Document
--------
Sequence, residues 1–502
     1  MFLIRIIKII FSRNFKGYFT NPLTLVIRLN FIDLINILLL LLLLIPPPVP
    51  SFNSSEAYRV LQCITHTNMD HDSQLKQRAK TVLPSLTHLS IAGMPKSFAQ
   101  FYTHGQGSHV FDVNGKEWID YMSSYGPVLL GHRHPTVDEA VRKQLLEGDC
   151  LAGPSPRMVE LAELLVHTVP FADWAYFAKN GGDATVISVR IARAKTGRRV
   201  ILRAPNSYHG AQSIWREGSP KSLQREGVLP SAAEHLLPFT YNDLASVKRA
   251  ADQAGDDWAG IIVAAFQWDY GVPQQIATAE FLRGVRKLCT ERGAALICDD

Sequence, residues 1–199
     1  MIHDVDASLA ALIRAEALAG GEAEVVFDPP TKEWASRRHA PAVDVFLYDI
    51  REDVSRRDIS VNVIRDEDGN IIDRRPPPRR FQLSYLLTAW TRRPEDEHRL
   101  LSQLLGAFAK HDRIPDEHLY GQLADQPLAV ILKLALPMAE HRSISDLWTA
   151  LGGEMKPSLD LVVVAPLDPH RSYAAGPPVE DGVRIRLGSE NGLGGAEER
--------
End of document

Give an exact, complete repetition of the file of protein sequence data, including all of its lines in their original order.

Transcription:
Sequence, residues 1–502
     1  MFLIRIIKII FSRNFKGYFT NPLTLVIRLN FIDLINILLL LLLLIPPPVP
    51  SFNSSEAYRV LQCITHTNMD HDSQLKQRAK TVLPSLTHLS IAGMPKSFAQ
   101  FYTHGQGSHV FDVNGKEWID YMSSYGPVLL GHRHPTVDEA VRKQLLEGDC
   151  LAGPSPRMVE LAELLVHTVP FADWAYFAKN GGDATVISVR IARAKTGRRV
   201  ILRAPNSYHG AQSIWREGSP KSLQREGVLP SAAEHLLPFT YNDLASVKRA
   251  ADQAGDDWAG IIVAAFQWDY GVPQQIATAE FLRGVRKLCT ERGAALICDD

Sequence, residues 1–199
     1  MIHDVDASLA ALIRAEALAG GEAEVVFDPP TKEWASRRHA PAVDVFLYDI
    51  REDVSRRDIS VNVIRDEDGN IIDRRPPPRR FQLSYLLTAW TRRPEDEHRL
   101  LSQLLGAFAK HDRIPDEHLY GQLADQPLAV ILKLALPMAE HRSISDLWTA
   151  LGGEMKPSLD LVVVAPLDPH RSYAAGPPVE DGVRIRLGSE NGLGGAEER